Mandatory nationwide training of school children has the highest impact for improving the bystander CPR rate.8–13 This appears to be the most successful way to reach the entire population. The highest bystander CPR rates are in some Scandinavian countries where education of school children in CPR has been mandatory for decades,12 and this concept is starting to spread. In support, the World Health Organization (WHO) endorsed the “Kids Save Lives” Statement in 2015, a joint statement from the European Resuscitation Council (ERC), the European Patient Safety Foundation (EPSF), the International Liaison Committee on Resuscitation (ILCOR), and the World Federation of Societies of Anesthesiologists (WFSA).6,10,11 This statement recommends two hours of CPR training annually from the age of 12 years in all schools worldwide. At this age, children are more responsive to instructions and they learn more easily to help others.9 Starting at a young age also means that CPR is like swimming or riding a bike: children will not forget how to save a life.14 Healthcare professionals, teachers trained to teach CPR, and others can successfully teach school children, and all can serve as multipliers.15 CPR knowledge and skills can be spread further by asking children to teach their family and friends.

With the “Kids Save Lives” initiative (Fig. 1), we can help to improve the survival rate of people with OHCA by the factor of two- to four-fold. We can easily save 300,000 additional lives worldwide every year, nearly a thousand every day, and nearly one life every minute.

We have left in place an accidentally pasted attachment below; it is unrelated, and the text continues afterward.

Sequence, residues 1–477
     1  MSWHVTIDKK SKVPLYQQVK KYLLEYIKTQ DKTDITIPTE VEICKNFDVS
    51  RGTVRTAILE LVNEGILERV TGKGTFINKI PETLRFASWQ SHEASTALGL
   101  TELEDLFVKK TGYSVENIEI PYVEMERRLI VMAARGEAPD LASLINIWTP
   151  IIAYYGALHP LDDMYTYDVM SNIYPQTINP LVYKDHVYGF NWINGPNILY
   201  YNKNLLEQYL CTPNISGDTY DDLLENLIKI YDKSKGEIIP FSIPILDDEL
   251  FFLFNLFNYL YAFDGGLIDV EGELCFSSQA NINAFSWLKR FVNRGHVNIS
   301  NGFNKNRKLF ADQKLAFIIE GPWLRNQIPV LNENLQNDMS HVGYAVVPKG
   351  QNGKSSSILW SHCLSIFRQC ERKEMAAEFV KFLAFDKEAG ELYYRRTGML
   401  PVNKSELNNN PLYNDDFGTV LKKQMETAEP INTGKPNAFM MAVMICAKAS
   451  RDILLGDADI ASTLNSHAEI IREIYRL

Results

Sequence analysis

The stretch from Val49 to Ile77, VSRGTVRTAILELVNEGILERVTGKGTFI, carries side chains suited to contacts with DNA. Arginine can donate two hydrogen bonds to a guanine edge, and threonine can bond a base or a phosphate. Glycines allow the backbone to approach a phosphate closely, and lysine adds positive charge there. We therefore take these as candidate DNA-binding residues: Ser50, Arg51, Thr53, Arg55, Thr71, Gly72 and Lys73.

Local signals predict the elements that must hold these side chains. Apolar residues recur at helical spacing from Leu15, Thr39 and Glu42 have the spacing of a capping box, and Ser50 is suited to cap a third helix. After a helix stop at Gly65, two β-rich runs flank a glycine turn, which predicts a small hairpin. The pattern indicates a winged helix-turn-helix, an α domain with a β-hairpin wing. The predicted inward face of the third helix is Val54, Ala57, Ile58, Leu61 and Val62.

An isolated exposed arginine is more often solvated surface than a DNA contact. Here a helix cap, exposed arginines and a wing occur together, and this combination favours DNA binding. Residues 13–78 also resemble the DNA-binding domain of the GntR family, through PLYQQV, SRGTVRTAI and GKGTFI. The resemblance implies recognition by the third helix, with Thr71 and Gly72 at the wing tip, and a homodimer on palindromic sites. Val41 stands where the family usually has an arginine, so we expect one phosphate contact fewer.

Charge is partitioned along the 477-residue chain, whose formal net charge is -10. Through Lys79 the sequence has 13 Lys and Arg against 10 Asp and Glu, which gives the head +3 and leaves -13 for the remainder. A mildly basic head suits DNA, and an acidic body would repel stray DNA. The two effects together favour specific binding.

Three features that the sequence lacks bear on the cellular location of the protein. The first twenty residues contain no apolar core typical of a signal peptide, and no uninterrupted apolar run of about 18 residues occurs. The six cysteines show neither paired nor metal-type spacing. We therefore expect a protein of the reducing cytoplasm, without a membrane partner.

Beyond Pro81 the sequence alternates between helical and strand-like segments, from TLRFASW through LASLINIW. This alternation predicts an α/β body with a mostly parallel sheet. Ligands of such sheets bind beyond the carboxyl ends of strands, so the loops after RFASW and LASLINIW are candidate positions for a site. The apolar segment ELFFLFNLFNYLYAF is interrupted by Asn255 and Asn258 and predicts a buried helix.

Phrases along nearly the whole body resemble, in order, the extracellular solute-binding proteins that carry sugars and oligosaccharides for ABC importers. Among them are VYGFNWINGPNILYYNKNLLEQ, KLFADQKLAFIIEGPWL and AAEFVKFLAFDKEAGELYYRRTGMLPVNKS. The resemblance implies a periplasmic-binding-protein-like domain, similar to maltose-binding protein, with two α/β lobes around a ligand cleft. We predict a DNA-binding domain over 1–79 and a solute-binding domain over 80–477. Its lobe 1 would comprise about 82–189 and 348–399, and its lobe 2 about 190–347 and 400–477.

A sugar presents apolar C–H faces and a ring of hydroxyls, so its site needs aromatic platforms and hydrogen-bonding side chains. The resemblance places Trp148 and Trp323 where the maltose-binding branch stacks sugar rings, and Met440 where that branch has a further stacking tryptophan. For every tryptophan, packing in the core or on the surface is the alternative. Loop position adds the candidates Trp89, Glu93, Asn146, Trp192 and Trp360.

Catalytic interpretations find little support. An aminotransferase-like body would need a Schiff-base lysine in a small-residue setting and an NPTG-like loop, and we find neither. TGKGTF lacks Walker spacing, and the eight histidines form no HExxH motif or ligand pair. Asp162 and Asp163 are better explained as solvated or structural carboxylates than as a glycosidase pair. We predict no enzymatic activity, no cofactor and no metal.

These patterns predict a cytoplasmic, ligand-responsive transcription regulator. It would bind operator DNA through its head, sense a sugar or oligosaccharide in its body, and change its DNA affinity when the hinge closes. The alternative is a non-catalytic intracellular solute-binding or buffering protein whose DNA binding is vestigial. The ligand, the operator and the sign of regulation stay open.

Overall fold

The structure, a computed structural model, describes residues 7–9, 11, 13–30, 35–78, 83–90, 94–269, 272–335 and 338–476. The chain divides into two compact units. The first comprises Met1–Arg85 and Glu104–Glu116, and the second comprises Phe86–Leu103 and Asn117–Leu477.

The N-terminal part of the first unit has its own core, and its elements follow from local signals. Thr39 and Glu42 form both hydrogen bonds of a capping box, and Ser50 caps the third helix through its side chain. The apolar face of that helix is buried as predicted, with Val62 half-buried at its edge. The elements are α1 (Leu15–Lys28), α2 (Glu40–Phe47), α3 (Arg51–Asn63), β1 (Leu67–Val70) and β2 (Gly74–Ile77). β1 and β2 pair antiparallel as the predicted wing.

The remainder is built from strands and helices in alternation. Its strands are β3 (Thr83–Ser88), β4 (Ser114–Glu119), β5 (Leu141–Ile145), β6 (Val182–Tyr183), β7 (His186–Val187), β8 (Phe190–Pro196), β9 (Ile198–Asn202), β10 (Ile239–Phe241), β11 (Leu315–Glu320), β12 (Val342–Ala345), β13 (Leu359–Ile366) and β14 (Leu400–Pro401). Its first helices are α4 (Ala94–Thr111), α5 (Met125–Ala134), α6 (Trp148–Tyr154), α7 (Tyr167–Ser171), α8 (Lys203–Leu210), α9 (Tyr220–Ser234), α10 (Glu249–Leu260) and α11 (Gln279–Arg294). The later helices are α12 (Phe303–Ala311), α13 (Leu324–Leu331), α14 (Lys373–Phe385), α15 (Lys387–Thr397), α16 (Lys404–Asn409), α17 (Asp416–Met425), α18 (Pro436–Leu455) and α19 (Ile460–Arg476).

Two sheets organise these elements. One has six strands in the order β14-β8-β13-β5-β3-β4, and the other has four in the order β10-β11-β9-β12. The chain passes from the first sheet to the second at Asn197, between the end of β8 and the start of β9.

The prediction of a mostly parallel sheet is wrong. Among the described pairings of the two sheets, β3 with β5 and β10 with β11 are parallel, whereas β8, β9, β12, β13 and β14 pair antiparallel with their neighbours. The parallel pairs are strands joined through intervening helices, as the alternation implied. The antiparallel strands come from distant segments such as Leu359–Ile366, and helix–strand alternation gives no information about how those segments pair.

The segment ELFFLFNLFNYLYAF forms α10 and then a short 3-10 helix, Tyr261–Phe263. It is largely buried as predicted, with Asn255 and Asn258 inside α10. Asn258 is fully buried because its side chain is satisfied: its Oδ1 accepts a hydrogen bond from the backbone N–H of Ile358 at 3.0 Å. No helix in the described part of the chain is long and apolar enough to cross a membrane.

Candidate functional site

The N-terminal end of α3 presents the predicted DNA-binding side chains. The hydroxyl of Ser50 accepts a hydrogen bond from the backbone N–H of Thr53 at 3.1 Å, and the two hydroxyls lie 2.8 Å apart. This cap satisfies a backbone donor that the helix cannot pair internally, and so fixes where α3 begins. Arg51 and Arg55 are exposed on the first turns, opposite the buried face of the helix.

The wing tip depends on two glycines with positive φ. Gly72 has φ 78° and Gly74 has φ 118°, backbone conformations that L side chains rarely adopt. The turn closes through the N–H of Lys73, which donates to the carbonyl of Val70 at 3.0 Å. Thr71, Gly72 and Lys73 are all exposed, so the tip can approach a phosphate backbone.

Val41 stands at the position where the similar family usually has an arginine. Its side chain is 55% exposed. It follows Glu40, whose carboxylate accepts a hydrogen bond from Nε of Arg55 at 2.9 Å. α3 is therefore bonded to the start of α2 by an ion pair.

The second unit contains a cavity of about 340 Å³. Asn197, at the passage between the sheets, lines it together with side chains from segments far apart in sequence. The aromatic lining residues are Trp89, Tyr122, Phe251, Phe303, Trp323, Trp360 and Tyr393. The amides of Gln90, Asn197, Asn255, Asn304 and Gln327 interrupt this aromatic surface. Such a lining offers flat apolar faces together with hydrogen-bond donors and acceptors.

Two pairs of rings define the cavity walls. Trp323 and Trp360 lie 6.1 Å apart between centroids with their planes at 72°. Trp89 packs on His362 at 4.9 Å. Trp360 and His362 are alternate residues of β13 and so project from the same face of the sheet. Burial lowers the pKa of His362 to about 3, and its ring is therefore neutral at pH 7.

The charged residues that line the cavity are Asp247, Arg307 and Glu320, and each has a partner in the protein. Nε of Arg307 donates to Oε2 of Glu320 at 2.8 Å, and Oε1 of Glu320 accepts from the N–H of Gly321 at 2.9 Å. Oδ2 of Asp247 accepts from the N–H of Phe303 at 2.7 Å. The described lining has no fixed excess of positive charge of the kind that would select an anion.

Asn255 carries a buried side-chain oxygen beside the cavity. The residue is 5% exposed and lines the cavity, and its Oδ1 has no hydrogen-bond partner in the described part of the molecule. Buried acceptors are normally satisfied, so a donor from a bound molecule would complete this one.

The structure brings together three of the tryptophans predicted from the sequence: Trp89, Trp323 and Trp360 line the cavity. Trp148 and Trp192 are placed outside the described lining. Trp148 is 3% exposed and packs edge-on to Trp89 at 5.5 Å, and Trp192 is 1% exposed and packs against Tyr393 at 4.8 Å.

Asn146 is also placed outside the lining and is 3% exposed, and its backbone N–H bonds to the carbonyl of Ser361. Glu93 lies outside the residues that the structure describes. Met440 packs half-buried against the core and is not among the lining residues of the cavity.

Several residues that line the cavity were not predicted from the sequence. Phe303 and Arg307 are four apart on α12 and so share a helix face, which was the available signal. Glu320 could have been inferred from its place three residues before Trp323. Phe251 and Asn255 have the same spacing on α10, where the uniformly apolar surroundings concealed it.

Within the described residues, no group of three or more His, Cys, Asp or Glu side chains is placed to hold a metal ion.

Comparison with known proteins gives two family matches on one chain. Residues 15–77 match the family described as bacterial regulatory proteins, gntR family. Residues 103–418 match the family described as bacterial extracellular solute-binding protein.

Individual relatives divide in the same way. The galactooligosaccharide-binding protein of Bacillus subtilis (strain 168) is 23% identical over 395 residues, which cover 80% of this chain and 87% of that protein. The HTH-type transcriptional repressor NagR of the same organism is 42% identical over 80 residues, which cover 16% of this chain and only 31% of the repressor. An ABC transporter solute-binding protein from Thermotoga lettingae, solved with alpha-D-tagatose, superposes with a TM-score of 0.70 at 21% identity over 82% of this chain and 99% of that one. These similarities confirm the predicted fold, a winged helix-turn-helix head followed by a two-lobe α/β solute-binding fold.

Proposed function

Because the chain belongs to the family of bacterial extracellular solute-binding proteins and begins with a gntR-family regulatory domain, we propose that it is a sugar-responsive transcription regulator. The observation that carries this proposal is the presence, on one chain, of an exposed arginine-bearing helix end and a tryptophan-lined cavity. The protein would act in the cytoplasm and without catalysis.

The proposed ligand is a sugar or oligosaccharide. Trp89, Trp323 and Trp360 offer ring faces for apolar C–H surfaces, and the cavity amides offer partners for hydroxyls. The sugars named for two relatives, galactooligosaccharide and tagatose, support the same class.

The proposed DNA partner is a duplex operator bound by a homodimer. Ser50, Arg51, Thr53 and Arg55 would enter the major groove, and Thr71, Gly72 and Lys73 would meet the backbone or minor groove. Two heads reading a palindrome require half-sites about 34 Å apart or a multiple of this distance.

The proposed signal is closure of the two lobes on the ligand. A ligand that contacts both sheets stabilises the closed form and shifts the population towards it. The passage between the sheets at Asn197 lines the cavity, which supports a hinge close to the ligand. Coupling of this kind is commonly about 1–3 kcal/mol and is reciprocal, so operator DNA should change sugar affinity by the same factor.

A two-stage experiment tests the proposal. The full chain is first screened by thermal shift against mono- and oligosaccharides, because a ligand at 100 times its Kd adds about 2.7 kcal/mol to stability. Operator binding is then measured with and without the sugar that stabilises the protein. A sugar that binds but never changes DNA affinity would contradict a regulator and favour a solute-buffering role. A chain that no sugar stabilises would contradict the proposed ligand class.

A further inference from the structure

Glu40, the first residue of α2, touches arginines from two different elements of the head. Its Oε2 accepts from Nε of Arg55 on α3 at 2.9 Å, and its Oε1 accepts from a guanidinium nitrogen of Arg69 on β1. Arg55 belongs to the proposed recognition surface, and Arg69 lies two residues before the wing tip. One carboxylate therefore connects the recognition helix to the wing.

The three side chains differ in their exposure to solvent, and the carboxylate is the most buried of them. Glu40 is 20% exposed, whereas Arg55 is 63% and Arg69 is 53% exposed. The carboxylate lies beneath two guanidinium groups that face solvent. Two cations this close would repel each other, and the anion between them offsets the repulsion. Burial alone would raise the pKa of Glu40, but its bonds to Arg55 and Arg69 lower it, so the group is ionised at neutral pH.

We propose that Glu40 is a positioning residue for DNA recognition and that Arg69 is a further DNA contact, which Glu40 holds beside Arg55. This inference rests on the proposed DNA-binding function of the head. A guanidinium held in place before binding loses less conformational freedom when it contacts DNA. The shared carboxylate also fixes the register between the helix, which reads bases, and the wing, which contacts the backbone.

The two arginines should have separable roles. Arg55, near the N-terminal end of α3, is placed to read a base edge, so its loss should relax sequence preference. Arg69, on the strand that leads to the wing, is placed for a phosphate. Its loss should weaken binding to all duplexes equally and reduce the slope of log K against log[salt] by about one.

The 10 ERC principles – increasing survival with “Kids Save Lives”

  1. Everyone can save a life – even children can save a life.9–16
  2. Up to two hours of CPR training a year for school children is enough.9–11,15,16
  3. Training must involve hands-on practice that may be augmented with theoretical – including virtual – learning.9 Such training has also been performed without sophisticated equipment or specific resuscitation manikins.
  4. Annual training of school children should start by the age of 12 years or earlier.9–11,15
  5. Trained children should be encouraged to train other people. The homework for all children after such training should be: please train 10 other people within the next two weeks and report.
  6. A wide range of people, including anaesthesiologists, cardiologists, emergency physicians, nurses, paramedics, medical and other healthcare students, trained teachers, and many other volunteers can successfully teach CPR to school children – in schools, in hospitals, and elsewhere.6,9,15,16
  7. The responsible people in the Ministries of Education and/or Ministries of Schools and other leading politicians of each country should implement a nationwide programme for teaching CPR to school children.12
  8. Every National Resuscitation Council (NRC) or similar organisation should support the implementation of a national initiative and “Kids Save Lives” campaign in its country.
  9. With “Kids Save Lives”, children will also learn relevant social responsibility and social skills.9–11
  10. National programmes that train school children in CPR can save more lives, improve productivity of society, and reduce healthcare costs.12,17

These 10 ERC principles can be seen at


Fig. 1. The “KIDS SAVE LIVES” logo has been developed by the Italian Resuscitation Council (IRC). We very much appreciate and acknowledge that the IRC is providing this logo for free to all participating in the “Kids Save Lives” campaign in Europe.